Magnetic Resonance

European Radiology

, Volume 21, Issue 6, pp 1243-1249

Open Access This content is freely available online to anyone, anywhere at any time.

Feasibility of diffusion tensor imaging (DTI) with fibre tractography of the normal female pelvic floor

  • F. M. ZijtaAffiliated withDepartment of Radiology, Academic Medical Center, University of AmsterdamDepartment of Radiology, Onze Lieve Vrouwe Gasthuis Email author 
  • , M. FroelingAffiliated withDepartment of Radiology, Academic Medical Center, University of AmsterdamBiomedical NMR, Department of Biomedical Engineering, Eindhoven University of Technology
  • , M. P. van der PaardtAffiliated withDepartment of Radiology, Academic Medical Center, University of Amsterdam
  • , M. M. E. LakemanAffiliated withDepartment of Gynaecology, Academic Medical Center, University of Amsterdam
  • , S. BipatAffiliated withDepartment of Radiology, Academic Medical Center, University of Amsterdam
  • , A. D. Montauban van SwijndregtAffiliated withDepartment of Radiology, Onze Lieve Vrouwe Gasthuis
  • , G. J. StrijkersAffiliated withBiomedical NMR, Department of Biomedical Engineering, Eindhoven University of Technology
  • , A. J. NederveenAffiliated withDepartment of Radiology, Academic Medical Center, University of Amsterdam
  • , J. StokerAffiliated withDepartment of Radiology, Academic Medical Center, University of Amsterdam

Abstract

Objectives

To prospectively determine the feasibility of diffusion tensor imaging (DTI) with fibre tractography as a tool for the three-dimensional (3D) visualisation of normal pelvic floor anatomy.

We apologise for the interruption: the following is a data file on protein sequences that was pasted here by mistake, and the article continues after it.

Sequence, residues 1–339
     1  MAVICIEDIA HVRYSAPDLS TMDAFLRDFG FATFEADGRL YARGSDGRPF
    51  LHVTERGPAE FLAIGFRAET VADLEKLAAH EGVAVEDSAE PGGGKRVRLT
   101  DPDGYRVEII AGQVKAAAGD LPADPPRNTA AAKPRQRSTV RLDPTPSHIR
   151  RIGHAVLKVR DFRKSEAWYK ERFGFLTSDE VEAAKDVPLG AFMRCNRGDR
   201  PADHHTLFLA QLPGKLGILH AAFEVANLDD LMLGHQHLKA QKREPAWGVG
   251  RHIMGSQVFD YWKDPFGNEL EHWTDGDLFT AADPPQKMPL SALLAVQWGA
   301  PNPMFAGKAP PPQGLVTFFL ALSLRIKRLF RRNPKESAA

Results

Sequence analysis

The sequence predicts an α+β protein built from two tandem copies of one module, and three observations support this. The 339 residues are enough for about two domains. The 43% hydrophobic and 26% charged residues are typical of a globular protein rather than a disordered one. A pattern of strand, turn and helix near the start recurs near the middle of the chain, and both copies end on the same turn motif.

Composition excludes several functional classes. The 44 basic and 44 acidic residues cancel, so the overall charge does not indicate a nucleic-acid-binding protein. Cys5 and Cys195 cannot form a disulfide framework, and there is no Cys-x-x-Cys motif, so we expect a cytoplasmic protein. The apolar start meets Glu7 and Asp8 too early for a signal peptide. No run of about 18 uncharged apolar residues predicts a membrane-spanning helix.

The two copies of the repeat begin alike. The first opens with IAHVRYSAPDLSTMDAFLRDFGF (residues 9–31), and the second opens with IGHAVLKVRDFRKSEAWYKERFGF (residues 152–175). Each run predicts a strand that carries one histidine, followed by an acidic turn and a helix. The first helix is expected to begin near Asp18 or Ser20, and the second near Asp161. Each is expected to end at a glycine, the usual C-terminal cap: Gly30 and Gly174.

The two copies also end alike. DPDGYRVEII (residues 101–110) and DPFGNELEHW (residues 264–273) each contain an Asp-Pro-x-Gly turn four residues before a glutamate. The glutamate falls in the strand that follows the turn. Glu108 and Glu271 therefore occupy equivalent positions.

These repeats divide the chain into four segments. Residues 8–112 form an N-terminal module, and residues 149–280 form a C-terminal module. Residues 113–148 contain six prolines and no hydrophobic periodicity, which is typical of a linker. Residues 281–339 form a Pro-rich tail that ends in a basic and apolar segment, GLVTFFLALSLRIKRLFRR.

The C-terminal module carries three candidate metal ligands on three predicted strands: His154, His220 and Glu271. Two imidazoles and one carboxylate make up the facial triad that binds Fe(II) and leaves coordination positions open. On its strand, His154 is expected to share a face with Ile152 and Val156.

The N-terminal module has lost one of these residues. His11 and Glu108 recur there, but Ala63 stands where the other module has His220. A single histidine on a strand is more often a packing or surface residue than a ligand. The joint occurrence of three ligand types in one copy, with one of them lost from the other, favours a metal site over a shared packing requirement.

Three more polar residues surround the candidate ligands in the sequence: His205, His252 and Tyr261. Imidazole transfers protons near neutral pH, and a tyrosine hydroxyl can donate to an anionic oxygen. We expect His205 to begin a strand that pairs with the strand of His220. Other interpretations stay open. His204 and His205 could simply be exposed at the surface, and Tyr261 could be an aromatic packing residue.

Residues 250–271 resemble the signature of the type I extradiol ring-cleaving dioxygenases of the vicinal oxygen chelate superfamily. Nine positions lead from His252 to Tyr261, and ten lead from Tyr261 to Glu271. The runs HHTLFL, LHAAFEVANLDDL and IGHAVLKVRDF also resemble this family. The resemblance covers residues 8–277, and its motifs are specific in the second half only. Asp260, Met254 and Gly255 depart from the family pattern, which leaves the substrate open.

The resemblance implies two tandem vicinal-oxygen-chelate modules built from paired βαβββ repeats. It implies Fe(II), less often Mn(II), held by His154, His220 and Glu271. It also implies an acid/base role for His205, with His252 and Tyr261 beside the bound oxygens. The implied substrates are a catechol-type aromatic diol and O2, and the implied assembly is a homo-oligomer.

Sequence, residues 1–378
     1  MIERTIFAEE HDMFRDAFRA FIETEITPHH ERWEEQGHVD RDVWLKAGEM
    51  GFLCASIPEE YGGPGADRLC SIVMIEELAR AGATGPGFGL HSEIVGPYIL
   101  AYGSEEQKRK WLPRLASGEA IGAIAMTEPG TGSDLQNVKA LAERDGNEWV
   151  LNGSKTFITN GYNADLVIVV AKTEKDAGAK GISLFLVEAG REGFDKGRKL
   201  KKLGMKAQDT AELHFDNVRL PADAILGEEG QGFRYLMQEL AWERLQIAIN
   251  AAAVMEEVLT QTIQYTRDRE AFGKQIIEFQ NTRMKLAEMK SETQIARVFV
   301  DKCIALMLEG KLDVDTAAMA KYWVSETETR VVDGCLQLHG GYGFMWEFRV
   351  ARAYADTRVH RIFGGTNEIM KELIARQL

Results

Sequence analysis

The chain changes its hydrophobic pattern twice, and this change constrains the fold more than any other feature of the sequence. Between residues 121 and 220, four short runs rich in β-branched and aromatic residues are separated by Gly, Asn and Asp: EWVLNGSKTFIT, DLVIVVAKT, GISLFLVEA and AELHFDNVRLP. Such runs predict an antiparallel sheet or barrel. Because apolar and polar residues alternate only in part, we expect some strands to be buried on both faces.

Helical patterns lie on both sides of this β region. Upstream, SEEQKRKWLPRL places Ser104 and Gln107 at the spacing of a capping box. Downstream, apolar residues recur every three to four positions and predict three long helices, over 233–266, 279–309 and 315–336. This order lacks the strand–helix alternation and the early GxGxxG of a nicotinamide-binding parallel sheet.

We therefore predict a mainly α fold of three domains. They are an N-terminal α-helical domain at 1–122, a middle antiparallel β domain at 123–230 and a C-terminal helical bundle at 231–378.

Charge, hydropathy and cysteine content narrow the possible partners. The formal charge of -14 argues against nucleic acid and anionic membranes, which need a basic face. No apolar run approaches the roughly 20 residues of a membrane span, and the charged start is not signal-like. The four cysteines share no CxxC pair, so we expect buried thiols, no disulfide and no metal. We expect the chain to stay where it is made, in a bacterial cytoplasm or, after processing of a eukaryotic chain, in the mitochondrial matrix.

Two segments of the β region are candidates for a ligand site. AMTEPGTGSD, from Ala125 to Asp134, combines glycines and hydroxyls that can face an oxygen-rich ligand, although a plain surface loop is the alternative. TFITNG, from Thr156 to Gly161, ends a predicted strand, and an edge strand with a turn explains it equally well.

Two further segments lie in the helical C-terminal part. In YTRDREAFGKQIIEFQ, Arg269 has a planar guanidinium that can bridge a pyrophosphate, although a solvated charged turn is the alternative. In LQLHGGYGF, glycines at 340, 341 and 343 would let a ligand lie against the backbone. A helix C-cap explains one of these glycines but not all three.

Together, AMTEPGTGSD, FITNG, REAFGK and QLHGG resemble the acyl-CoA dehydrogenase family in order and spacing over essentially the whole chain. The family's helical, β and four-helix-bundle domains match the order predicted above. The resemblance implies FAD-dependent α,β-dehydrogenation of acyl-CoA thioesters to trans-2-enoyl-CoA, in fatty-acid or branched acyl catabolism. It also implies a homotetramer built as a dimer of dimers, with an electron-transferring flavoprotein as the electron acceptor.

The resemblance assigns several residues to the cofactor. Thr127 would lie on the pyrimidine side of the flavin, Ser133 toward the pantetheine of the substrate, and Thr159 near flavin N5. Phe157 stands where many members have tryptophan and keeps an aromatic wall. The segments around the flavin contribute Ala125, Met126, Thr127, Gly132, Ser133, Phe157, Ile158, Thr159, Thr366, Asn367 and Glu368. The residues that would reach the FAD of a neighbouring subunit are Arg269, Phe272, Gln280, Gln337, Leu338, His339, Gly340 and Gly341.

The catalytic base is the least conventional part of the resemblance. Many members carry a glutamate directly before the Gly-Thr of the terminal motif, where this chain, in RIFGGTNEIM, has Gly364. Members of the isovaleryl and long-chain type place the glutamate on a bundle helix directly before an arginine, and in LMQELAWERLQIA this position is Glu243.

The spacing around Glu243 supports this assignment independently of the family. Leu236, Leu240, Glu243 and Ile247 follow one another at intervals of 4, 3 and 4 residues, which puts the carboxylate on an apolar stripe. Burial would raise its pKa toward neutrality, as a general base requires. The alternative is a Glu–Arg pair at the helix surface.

Methods

Five young female nulliparous subjects (mean age 28 ± 3 years) underwent DTI at 3.0T. Two-dimensional diffusion-weighted axial spin-echo echo-planar (SP-EPI) pulse sequence of the pelvic floor was performed, with additional T2-TSE multiplanar sequences for anatomical reference. Fibre tractography for visualisation of predefined pelvic floor and pelvic wall muscles was performed offline by two observers, applying a consensus method. Three eigenvalues (λ1, λ2, λ3), fractional anisotropy (FA) and mean diffusivity (MD) were calculated from the fibre trajectories.

Results

In all subjects fibre tractography resulted in a satisfactory anatomical representation of the pubovisceral muscle, perineal body, anal - and urethral sphincter complex and internal obturator muscle. Mean FA values ranged from 0.23 ± 0.02 to 0.30 ± 0.04, MD values from 1.30 ± 0.08 to 1.73 ± 0.12 × 10³ mm²/s. Muscular structures in the superficial layer of the pelvic floor could not be satisfactorily identified.

Conclusions

This study demonstrates the feasibility of visualising the complex three-dimensional pelvic floor architecture using 3T-DTI with fibre tractography. DTI of the deep female pelvic floor may provide new insights into pelvic floor disorders.

Keywords

Magnetic Resonance Imaging (MRI) Diffusion Tensor Imaging (DTI) Pelvic floor Fibre tractography Anatomy